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Director of National Intelligence John Ratcliffe is scheduled to provide a closed-door briefing to the Senate Intelligence Committee on Wednesday amid allegations that Russian operatives paid Taliban-linked militants to kill U.S. soldiers in Afghanistan, according to a spokesman for acting committee chair Sen. Marco Rubio (R-Fla.)

Why it matters: The allegations that top officials at the White House were aware of intelligence that U.S. troops were being targeted by Russia have prompted bipartisan outcry. GOP lawmakers Rep. Liz Cheney (R-Wyo.), Sen. Todd Young (R-Ind.) and Sen. Ben Sasse (R-Neb.) are among those demanding answers.

Between the lines: Ratcliffe was set to come before the Senate Intelligence Committee for a general oversight hearing before the New York Times broke the Russia story, according to two sources familiar with the committee's plans.

  • The White House is also in the process of scheduling a briefing for the Gang of Eight, which may result in the 2 p.m. Senate Intel hearing being postponed, one of the sources said.
  • A spokesman for House Intelligence Chairman Adam Schiff (D-Calif.) declined to comment on whether Ratcliffe plans to brief their committee.

The big picture: Lawmakers from both parties were briefed separately on the Russian bounty intelligence on Monday and Tuesday and came away with varying responses.

  • Rep. Jim Banks (R-Ind.), one of the lawmakers briefed by the White House, accused the Times of engineering a "hit piece" against President Trump and compromising national security by publishing unverified intelligence.
  • White House press secretary Kayleigh McEnany echoed that sentiment at a briefing on Tuesday, suggesting that the Times and "rogue intelligence officers" are undermining Trump and the security of U.S. troops.
  • Trump has denied being briefed on the intelligence and has suggested that it's "another fabricated Russia Hoax." McEnany reiterated that denial at Tuesday's press briefing, but would not comment on a report from the Times that the intelligence was included in Trump's written Presidential Daily Brief in February.

The other side: Democrats briefed by the White House have shot down Trump's suggestion that the reports are a "hoax" and have called for the intelligence community to brief all members of Congress.

  • "Nothing in the briefing that we have just received led me to believe it is a hoax," Majority Leader Steny Hoyer (D-Md.) said Tuesday. "There may be different judgments as to the level of credibility, but there was no assertion that the information we had was a hoax."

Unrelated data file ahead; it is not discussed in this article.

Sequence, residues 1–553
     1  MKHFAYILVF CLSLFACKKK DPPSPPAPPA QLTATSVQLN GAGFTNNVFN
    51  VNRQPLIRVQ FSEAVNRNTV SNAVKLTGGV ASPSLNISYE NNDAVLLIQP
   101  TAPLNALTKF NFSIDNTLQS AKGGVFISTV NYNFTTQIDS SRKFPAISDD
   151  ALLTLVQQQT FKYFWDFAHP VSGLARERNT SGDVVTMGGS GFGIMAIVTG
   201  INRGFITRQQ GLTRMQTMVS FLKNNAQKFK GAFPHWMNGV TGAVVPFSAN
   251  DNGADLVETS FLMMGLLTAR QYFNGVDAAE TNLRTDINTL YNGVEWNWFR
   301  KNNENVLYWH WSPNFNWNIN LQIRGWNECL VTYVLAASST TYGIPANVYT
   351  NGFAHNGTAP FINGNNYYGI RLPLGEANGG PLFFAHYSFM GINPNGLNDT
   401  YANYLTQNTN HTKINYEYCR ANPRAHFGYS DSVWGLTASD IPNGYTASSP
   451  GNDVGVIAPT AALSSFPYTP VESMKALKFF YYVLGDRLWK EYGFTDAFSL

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McEnany blames N.Y. Times, "rogue intelligence officers" for undermining Trump

White House press secretary Kayleigh McEnany condemned the New York Times at a briefing Tuesday for publishing "unverified" allegations about intelligence on Russian bounties on U.S. troops in Afghanistan, suggesting that "rogue intelligence officers" are undermining President Trump and the country's security.

Driving the news: McEnany insisted that the president had not been briefed on the intelligence because it has not been fully verified by the intelligence community. She declined to comment on a recent New York Times report that the finding was included in late February in the written President's Daily Brief (PDB), which Trump has been reported to seldom read.

McEnany: "Right decision" not to brief Trump on Russian bounty intelligence

White House press secretary Kayleigh McEnany said Wednesday that the career CIA officer who chose not to verbally brief President Trump on the intelligence about alleged Russian bounties made "the right decision."

Driving the news: National security adviser Robert O'Brien told Fox News earlier Wednesday that "once the U.S. received raw intelligence on the Russian bounties, U.S. and coalition forces were made aware even though the intelligence wasn't verified."

Bolton says he would have briefed Trump on Russian bounty intelligence

Photo: Melissa Sue Gerrits/Getty Images

Former national security adviser John Bolton told CBS News' "The Takeout" podcast" on Wednesday that he would have personally briefed President Trump if he saw intelligence that Russian officials offered bounties to Taliban-linked militants to kill U.S. troops, but cautioned that Trump is simply not receptive to intelligence briefings.

Driving the news: "The purpose of the briefing process is to meet the particular needs of the president and present it to him in the way that best suits his desires," Bolton said. "The problem with Donald Trump is not that he is not receptive to one means or another. He's just not receptive to new facts."